A phase 3 clinical trial found esketamine nasal spray safe and effective in the treatment of severe depression.
Esketamine is a form of ketamine, which doctors typically use as an anesthetic. Recent research has accumulated evidence that this substance can also quickly reduce the symptoms of severe depression, such as suicidal ideation.
These were the findings of a randomized, double-blind, placebo-controlled study from 2018, which suggested that an esketamine nasal spray could produce quick and positive short-term effects for individuals at risk of depression for whom traditional antidepressants had failed.
However, the authors of that study also expressed a worry that without proper risk assessment, using esketamine for depression could lead to unwanted side effects, such as psychosis and depersonalization.
Since then, the Food and Drug Administration (FDA) have approved an esketamine nasal spray for the treatment of severe depression, specifically for use alongside an orally administered antidepressant, and only in adults in whom other treatments had failed.
The American Journal of Psychiatry has finally published the findings of one of the studies that stood behind this FDA approval. The study in question built on the results of a 2018 trial, qualifying as a phase 3 clinical trial, which is a study that assesses the effectiveness and the safety of the proposed treatment.
"This trial of esketamine was one of the pivotal trials in the FDA's review of this treatment for patients with treatment resistant depression," notes one of the study's authors, Dr. Michael Thase, who is a professor of psychiatry at the Perelman School of Medicine at the University of Pennsylvania in Philadelphia.
Study confirms effectiveness and safety
The researchers conducted their trial at 39 outpatient referral centers across five countries: the Czech Republic, Germany, Poland, Spain, and the United States. In the trial — which lasted for approximately 2 years — the team worked with almost 200 adults with moderate to severe depression who had not responded to at least two antidepressants.
As part of the study, the investigators randomly split the participants into two groups:
- One group received esketamine nasal spray in doses of 56 or 84 milligrams (mg) twice a week, as well as an antidepressant that the participants had never taken before (duloxetine, escitalopram, sertraline, or extended-release venlafaxine).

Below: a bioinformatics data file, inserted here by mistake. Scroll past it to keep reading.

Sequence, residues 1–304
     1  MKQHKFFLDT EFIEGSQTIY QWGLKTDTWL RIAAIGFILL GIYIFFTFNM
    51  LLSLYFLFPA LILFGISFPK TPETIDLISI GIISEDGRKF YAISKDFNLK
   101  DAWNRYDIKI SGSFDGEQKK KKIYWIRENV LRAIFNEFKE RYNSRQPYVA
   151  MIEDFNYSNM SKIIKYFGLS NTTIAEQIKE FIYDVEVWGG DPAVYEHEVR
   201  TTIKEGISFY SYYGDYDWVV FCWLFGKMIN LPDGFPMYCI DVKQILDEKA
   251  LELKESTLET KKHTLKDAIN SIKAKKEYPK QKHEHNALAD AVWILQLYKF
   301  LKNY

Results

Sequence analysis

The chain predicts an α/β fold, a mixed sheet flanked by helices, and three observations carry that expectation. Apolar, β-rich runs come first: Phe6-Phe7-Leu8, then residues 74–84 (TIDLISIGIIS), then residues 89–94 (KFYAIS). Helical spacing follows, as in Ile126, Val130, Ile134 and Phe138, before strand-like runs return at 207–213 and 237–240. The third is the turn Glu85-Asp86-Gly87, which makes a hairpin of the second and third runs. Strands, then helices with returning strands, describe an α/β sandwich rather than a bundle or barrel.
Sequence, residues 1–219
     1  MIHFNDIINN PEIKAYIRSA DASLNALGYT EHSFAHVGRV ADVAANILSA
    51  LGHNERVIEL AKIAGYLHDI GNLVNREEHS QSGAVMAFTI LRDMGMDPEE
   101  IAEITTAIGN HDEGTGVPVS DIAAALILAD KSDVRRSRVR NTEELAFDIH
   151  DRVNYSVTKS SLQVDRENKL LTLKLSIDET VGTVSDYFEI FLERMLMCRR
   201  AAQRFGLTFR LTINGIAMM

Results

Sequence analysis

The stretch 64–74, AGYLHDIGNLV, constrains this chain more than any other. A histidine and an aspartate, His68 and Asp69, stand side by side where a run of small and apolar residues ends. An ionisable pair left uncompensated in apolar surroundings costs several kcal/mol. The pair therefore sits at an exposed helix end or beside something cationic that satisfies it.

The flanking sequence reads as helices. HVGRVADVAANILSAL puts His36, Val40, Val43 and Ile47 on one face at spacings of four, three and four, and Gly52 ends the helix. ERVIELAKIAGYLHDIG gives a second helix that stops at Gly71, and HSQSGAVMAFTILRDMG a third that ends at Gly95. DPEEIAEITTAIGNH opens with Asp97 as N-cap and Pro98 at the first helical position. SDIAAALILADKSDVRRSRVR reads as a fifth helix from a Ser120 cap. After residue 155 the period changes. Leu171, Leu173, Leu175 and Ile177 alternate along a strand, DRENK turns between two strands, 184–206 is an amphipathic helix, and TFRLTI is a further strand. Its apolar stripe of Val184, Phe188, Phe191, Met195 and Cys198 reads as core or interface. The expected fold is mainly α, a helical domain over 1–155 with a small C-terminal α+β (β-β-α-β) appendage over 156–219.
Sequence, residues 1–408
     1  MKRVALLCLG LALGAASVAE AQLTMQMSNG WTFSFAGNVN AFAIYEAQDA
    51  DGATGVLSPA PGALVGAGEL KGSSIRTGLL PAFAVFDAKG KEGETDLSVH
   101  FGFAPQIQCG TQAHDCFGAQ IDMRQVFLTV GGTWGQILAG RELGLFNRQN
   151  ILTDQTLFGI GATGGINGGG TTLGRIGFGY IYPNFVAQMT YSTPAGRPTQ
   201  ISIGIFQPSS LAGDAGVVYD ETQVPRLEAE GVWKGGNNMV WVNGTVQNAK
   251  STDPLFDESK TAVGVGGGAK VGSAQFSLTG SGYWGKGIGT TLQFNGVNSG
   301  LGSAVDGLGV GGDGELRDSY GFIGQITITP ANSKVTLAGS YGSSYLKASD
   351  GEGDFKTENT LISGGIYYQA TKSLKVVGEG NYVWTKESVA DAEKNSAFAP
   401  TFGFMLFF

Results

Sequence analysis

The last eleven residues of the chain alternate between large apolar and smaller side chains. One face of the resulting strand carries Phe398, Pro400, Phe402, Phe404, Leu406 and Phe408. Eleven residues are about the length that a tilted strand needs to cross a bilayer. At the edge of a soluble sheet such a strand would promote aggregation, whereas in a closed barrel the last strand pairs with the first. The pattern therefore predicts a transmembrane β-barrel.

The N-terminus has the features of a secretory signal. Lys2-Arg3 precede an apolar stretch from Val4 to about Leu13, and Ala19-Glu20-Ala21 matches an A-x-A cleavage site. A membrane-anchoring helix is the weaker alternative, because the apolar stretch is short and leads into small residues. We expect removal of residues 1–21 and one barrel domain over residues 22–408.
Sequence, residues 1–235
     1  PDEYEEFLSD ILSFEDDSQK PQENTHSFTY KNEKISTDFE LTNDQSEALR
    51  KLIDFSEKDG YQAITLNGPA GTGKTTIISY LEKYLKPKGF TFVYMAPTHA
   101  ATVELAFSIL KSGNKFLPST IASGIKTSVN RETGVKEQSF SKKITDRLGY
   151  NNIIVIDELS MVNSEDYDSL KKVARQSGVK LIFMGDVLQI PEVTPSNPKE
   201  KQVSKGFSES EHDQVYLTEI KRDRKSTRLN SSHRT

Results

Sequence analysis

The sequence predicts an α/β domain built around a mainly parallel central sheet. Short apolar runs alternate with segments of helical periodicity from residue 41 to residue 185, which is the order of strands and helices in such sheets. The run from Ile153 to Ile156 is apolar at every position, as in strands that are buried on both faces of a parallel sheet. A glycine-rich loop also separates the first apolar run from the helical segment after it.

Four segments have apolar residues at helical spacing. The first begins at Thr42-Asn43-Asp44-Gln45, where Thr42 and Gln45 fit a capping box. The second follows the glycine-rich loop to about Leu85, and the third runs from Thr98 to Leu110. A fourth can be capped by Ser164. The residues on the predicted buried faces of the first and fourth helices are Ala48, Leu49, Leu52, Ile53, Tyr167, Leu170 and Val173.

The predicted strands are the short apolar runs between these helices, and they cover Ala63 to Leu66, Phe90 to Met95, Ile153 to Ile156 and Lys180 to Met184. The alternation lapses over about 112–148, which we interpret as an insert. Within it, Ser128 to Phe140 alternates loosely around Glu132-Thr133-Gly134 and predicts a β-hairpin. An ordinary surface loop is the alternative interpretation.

- Another group received a nasal spray containing a placebo, as well as a novel antidepressant.
After 28 days, the participants who received the intranasal esketamine still showed significantly higher improvements than people who received the placebo, suggesting that the esketamine treatment is effective.
Since one of the main concerns of the researchers was that of safety, they also recorded any adverse effects. The team saw that individuals who received esketamine experienced symptoms of dissociation, as well as some effects on perception that started shortly after the administration of the drug.
These effects reached their peak of severity after 40 minutes but resolved after 1.5 hours. They also happened less and less as the treatment continued.
The researchers report "no symptoms or adverse events of psychosis." Some of the other most common side effects were nausea, vertigo, alterations to the sense of taste, and dizziness. Among the people who received esketamine, 7% pulled out of the trial because of the adverse effects they were experiencing.
Considering all of these results, Dr. Thase and colleagues conclude in their study that the esketamine and antidepressant combination is not just effective but also "safe and tolerated."
"Not only was adjunctive esketamine therapy effective, the improvement was evident within the first 24 hours," says Dr. Thase. He adds that "[t]he novel mechanism of action of esketamine, coupled with the rapidity of benefit, underpin just how important this development is for patients with difficult to treat depression."
Many questions remain unanswered
Even with these encouraging results that prompted the FDA to approve this therapy option for individuals with severe depression, some researchers still argue that this treatment requires an immense amount of caution.
In a commentary that accompanies the study paper, Dr. Alan Schatzberg from the Stanford University School of Medicine in California — who was not involved in the research — notes that the drug has the potential for abuse, and misuse and that there is much that researchers still do not know about its administration.
"So, where are we? Intranasal esketamine represents an easier method of administration than intravenous administration of ketamine. Do we have clear evidence of efficacy? Maybe? How strong is the efficacy? Apparently mild. Do we have a real sense of how long and how often to prescribe it? It's not entirely clear," he writes.
"Taken together, there are more questions than answers with intranasal esketamine, and care should be exercised in its application in clinical practice. Only time will tell how useful it will be."
Dr. Alan Schatzberg